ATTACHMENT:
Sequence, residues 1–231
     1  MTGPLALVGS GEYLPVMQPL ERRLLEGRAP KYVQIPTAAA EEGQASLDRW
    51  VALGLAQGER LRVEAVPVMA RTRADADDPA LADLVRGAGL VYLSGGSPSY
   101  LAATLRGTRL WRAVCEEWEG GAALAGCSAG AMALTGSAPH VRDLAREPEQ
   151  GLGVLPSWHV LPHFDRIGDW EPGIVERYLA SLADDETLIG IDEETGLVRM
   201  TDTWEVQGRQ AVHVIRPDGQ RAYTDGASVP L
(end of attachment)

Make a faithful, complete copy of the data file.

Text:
Sequence, residues 1–231
     1  MTGPLALVGS GEYLPVMQPL ERRLLEGRAP KYVQIPTAAA EEGQASLDRW
    51  VALGLAQGER LRVEAVPVMA RTRADADDPA LADLVRGAGL VYLSGGSPSY
   101  LAATLRGTRL WRAVCEEWEG GAALAGCSAG AMALTGSAPH VRDLAREPEQ
   151  GLGVLPSWHV LPHFDRIGDW EPGIVERYLA SLADDETLIG IDEETGLVRM
   201  TDTWEVQGRQ AVHVIRPDGQ RAYTDGASVP L